(4) notwithstanding paragraphs (1), (2), and (3), with respect to any electronic surveillance approved pursuant to section 1802 (a) of this title, procedures that require that no contents of any communication to which a United States person is a party shall be disclosed, disseminated, or used for any purpose or retained for longer than 72 hours unless a court order under section 1805 of this title is obtained or unless the Attorney General determines that the information indicates a threat of death or serious bodily harm to any person.

And here’s how that translates into the minimization procedures approved in 2011.

Personnel will exercise reasonable judgment in determining whether information acquired must be minimized and will destroy inadvertently acquired communications of or concerning a United States person at the earliest practicable point in the processing cycle at which such communication can be identified either: as clearly not relevant to the authorized purpose of the acquisition (e.g., the communication does not contain foreign intelligence information); or, as not containing evidence of a crime which may be disseminated under these procedures. Except as provided for in subsection 3(c)(2) below, such inadvertently acquired communications of or concerning a United States person may be retained no longer than five years from the expiration date of the certification authorizing the collection in any event.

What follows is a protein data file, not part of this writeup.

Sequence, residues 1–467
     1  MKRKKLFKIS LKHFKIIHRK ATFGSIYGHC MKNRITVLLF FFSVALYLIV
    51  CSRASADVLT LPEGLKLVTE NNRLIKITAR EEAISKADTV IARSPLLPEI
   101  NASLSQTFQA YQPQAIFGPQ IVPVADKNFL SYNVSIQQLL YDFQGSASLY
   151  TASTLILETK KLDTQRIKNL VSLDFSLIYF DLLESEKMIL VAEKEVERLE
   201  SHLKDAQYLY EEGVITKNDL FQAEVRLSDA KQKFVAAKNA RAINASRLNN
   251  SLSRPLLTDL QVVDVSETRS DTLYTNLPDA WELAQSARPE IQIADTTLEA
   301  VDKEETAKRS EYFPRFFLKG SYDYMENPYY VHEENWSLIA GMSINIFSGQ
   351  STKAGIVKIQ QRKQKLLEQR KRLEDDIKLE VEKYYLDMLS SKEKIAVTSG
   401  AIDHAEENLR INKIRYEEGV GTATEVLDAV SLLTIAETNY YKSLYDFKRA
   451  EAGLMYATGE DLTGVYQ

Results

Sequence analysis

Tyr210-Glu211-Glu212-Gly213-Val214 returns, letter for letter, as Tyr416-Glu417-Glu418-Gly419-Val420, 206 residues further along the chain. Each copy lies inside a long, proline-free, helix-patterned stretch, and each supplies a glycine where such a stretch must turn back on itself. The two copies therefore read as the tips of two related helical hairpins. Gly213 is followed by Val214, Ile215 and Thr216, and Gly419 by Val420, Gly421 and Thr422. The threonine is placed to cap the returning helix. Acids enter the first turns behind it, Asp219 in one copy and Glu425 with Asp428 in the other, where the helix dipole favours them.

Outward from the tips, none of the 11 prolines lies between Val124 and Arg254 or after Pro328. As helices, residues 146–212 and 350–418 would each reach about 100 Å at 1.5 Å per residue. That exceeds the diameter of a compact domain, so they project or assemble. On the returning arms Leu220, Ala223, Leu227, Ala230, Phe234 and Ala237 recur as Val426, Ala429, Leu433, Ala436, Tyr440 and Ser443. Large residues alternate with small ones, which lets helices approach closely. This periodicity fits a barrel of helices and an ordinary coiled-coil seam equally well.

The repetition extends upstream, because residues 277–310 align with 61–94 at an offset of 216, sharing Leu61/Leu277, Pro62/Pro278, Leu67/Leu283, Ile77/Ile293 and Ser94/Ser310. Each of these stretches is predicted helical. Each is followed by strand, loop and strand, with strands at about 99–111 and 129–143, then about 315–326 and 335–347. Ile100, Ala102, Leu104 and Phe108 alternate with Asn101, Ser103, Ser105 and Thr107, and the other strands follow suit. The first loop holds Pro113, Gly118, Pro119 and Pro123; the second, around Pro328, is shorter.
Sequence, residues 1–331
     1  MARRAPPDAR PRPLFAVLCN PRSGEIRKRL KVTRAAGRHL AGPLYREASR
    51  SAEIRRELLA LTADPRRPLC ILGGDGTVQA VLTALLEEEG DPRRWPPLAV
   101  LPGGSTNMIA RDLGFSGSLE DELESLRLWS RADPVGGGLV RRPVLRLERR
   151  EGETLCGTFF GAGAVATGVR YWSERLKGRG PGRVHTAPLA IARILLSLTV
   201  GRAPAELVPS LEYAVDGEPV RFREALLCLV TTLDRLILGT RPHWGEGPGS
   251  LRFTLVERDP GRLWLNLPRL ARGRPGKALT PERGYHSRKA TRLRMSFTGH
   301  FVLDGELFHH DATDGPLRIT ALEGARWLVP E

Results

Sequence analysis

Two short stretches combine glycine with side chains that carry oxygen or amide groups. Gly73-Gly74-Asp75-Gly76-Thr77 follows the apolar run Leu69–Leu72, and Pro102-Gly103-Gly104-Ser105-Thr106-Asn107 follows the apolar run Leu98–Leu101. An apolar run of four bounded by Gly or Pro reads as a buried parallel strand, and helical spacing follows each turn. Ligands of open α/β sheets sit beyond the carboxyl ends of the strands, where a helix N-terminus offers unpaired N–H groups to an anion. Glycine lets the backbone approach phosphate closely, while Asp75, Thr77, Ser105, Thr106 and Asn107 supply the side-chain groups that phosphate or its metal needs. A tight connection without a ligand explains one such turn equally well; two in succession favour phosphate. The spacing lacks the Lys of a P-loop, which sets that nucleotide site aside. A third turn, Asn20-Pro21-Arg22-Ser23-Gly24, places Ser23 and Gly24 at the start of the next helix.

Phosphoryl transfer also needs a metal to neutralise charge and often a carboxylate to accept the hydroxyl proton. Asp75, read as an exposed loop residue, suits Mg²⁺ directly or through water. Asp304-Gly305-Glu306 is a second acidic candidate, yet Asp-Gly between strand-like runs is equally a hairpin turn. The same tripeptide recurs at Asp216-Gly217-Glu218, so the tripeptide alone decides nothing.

Both the law and the minimization procedures approved by the FISC require NSA to get rid of US person communications that have no foreign intelligence purpose.

But here’s what the WaPo reveals about what NSA analysts do when they determine collection has no foreign intelligence value (note, however, these passages do not specify how many of these conversations include US person communications, though almost half of these communications involve US person identifiers).

Many other files, described as useless by the analysts but nonetheless retained, have a startlingly intimate, even voyeuristic quality. They tell stories of love and heartbreak, illicit sexual liaisons, mental-health crises, political and religious conversions, financial anxieties and disappointed hopes. The daily lives of more than 10,000 account holders who were not targeted are catalogued and recorded nevertheless.

[snip]

“None of the hits that were received were relevant,” two Navy cryptologic technicians write in one of many summaries of nonproductive surveillance. “No additional information,” writes a civilian analyst. [my emphasis]

While these passages are not quantifiable — both because WaPo didn’t say how many files NSA had determined to be “useless” and because WaPo didn’t identify how many of those include US persons — they do suggest that NSA is not complying with the legal requirement that they destroy communications involving US persons that don’t have foreign intelligence value. Not even for communications they describe as “useless” or “not relevant.”

That’s not surprising. As I noted the other day, PCLOB found that NSA “rarely” complies with this requirement and CIA and FBI never do.